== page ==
– Option A: Propagation by Cuttings

Your aloe vera is a close cousin to cactus, which means it’s succulent. That also means you can propagate it from cuttings, both leaves, and stems. Stem cuttings are preferred, though.

Step #1: Select your Cuttings

Due to ultra-high moisture content in aloe succulent leaves, they may not be viable for propagation. They often result in shriveled or rotten leaves without a feasible root system. However, if your only option is a leaf cutting, pick one that’s at least 3.15 inches (8 cm) long.

Step #2: Cutting and Curing

Cut the select stem or leaf at an angle sloping downwards. For the leaf cuttings, let them lie on a warm mat for 3-14 days so they can develop a film on the cut portion. This film will help stave off infections.

Step #3: Select a Proper Pot

It’s simple: find a container with drainage holes in the bottom. Like most succulents, your aloe doesn’t love sitting in water sludge or soggy soil. The holes will let excess water percolate through the soil and out of the pot, preventing root rot.

Step #4: Prepare Potting Mix

Cactus soil is usually ideal for propagating and growing your aloe. If you can get a hold of some cactus soil, you can prep your own by mixing:

  • Three (3) parts standard potting mix
  • One (1) part perlite, and
  • Two (2) parts small pebbles or stones. You can add a pop of color with a multicolored selection of stones.

You may also want to fill the bottom of the container with gravel. The large size of gravel will help improve drainage capacity and let the soil dry out efficiently. Ensure the soil mix is neutral to slightly alkaline (7-8.5 pH). Add water to moisten the soil.

Step #5: Plant your Cuttings

Stick your cuttings into the soil mix with the cut side facing down. Around 1/3 of the cutting should be in the potting mix. I advise you to add rooting hormone to the cut base before planting.

If you’d rather skip commercial hormones, try honey, ground cinnamon, or a mixture of both. In either case, this will stimulate root growth and development.

Step #6: Care for Propagate Aloe

Park your recently propagated aloe in a warm, sunny spot. This can be a south-facing or west-facing window away from frost or cold drafts. Keep temperatures in the ideal range of 55-80 °F (13-27 °C).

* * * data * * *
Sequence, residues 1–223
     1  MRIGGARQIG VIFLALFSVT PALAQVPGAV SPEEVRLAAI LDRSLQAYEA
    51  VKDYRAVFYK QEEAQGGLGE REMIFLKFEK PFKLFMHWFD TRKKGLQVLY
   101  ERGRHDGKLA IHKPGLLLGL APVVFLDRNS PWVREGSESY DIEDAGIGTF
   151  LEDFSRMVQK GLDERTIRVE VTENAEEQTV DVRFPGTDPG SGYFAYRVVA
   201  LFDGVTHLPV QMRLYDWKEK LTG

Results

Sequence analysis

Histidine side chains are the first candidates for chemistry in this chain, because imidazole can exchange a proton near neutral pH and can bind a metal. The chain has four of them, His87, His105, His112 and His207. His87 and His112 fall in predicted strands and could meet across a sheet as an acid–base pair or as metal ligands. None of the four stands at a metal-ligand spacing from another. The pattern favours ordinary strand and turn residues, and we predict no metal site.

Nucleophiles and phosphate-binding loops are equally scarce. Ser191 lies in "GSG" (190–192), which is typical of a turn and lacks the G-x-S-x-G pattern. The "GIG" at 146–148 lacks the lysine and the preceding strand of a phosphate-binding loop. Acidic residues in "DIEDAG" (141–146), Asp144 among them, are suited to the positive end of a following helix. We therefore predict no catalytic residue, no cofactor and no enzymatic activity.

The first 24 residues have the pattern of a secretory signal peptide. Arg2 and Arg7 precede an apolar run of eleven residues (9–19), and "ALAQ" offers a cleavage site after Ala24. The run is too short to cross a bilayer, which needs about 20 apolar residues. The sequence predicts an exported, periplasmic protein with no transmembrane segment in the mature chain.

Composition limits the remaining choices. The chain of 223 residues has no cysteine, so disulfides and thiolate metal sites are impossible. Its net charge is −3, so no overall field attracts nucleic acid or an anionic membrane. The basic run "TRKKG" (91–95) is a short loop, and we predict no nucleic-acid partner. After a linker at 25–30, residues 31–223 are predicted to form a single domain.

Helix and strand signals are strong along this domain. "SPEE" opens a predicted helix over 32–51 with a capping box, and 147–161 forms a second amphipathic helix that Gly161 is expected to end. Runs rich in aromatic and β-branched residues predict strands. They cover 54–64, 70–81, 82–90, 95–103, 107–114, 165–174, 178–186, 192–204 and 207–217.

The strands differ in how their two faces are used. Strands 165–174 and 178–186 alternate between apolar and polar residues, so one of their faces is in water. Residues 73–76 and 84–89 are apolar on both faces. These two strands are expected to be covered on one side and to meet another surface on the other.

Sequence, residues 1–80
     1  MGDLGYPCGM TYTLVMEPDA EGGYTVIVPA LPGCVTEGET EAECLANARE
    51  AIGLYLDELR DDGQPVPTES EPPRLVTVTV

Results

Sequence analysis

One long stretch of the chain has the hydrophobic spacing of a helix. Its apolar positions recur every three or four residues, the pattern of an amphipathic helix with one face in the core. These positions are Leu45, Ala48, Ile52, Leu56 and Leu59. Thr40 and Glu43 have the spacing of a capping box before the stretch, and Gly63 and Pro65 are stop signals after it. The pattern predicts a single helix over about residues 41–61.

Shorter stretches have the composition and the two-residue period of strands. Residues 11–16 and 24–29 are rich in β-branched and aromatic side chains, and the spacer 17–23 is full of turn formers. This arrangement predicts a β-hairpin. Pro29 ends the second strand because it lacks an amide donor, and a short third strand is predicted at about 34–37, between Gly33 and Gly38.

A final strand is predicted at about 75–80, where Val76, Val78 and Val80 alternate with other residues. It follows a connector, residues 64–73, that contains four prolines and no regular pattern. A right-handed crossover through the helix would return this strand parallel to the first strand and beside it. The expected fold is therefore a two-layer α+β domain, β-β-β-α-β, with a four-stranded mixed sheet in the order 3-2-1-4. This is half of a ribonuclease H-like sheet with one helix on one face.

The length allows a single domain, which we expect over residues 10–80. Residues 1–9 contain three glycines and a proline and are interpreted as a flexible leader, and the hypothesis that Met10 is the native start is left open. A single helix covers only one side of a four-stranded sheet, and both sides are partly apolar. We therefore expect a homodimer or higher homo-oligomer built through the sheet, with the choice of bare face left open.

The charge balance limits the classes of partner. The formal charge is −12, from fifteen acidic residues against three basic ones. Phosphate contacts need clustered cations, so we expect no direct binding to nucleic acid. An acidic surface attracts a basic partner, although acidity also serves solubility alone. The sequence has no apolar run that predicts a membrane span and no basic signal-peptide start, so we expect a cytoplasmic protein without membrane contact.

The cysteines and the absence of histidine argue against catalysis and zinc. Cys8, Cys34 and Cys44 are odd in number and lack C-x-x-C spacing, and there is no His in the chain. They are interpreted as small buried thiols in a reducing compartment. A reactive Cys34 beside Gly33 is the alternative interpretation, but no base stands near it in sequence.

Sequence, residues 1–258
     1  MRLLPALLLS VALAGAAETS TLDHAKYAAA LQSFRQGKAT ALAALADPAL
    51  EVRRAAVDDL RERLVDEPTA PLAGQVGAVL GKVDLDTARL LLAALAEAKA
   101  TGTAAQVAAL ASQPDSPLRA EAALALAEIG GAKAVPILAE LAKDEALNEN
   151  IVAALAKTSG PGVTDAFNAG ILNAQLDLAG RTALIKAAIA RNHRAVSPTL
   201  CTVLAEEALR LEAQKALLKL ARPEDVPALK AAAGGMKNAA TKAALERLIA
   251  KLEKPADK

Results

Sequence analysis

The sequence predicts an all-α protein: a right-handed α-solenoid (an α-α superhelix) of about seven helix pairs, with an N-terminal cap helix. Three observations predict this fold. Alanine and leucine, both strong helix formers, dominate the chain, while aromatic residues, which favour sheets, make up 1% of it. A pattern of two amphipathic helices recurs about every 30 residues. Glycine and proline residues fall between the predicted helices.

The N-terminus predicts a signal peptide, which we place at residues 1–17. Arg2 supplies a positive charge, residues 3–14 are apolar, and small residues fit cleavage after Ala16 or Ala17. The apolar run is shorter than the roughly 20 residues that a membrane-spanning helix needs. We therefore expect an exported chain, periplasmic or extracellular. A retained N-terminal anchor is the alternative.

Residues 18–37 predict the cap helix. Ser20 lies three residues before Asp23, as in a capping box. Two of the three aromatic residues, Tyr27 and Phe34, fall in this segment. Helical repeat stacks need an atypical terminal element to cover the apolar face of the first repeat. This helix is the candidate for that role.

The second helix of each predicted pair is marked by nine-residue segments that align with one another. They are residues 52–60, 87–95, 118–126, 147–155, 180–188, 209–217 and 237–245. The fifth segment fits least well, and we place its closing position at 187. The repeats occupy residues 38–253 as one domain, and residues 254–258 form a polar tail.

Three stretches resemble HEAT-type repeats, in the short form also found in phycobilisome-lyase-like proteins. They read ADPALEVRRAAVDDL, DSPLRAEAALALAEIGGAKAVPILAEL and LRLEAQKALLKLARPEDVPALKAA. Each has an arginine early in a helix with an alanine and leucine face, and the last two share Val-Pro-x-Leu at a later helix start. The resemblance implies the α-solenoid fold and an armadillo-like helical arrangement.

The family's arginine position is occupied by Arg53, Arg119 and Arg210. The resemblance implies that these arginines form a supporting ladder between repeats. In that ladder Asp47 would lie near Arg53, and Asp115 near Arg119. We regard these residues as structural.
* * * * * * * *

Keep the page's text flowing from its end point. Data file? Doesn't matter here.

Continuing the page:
Make sure the soil remains consistently moist for the first 4 weeks. You shouldn’t worry if the cutting dries, shrinks, or shrivels while establishing roots. Once the transplant has established itself, wait until the top 1-inch of the soil has completely dried out before watering again.

– Option B: Propagation by Offshoots

I highly recommend growing your aloe from rescued offshoots (also called pups or offsets). They are easy to propagate and will develop healthier roots sooner and faster. You can say adieu to root rot when propagating your aloe!

Step #1: Select the Right Offshoots

Pups develop from the main plant. You can miss them – they’re typically brighter in color and smaller, with their own roots jutting from below. You can find these roots along the base.

Ideal offshoots should be at least 1/5 the size of the parent plant. You must pick ones that possess 4 or more leaves and are several inches long.

Step #2: Remove Offshoots from the Main Plant

Pry the offsets away from the parent plant. Make sure the root ball remains as intact as possible. If it’s difficult to pry it out, use a sharp, sterile razor or knife to cut it off the plant.

Step #3: Choose the Perfect Pot

A terra-cotta pot is the most ideal for aloe plants because it’ll enable the soil to dry thoroughly in between irrigations. Glazed or plastic containers may do, but not ideal.

The pot should have at least one hole in the bottom. The more drainage holes the better. A good pot is almost as deep as it is wide

Step #4: Choose Right Potting Mix

Find an excellent potting mix meant for succulents and cacti. Never opt for gardening soil. It should contain chunks of bark, lava rock, perlite, and a few pebbles. Avoid clay like the plague. The soil PH should stay in the 7.0-8.5 range, although it can tolerate up to 6.0.

Step #5: Plant the Offshoots

Use a stick to make a small hole for each offset. It should be deep enough to accommodate the root ball and at least 1/4th of the upper part. Most experts, including me, recommend that you dip the roots in rooting hormone, ground cinnamon, or honey.

Pat the topsoil to cover the root system and water until the soil is moist but not soggy.

Step #6: Care for Aloe

Place your potted offshoots in a warm, sunny spot. Ensure ideal humidity (roughly 40%), temperature 65-75°F (18-24°C), and light (bright, indirect) conditions. Wait one week before you water again.

Will an Aloe Plant Root in Water?

Yes and No. While aloe can root in water, root rot will most definitely catch up with it before the plant becomes healthy enough.

How Do I Know If My Aloe Plant Has Root Rot?

  • You’ll first notice soft rot, which appears as watery spots on the leaves. 
  • Leaf yellowing
  • Leaves turn mushy, wilt, and collapse
  • Brown spots on leaves, edges, and tips
  • Black roots that feel soft, mushy, and give off a rotten stench
  • The plant will look generally weak, sickly, and droopy

If you check the soil, it’ll likely be soggy and topped with mildew, mold, or other fungal growths.

Last Words

If you lift your aloe and it has no roots, your first thing to check is overwatering. It can also be caused by pests, underwatering, soil issues, and root rot. Your best course of action is to propagate your aloe using cuttings or offshoots.

(Sources: National Center for Biotechnology Information)

Arifur Rahman

I'm the owner of gardenforindoor.com. After completing my bachelor of science in agriculture, I'm serving as a civil service officer at the Department of Agricultural Extension, Bangladesh. I started Garden For Indoor to make your indoor gardening journey easy and enjoyable.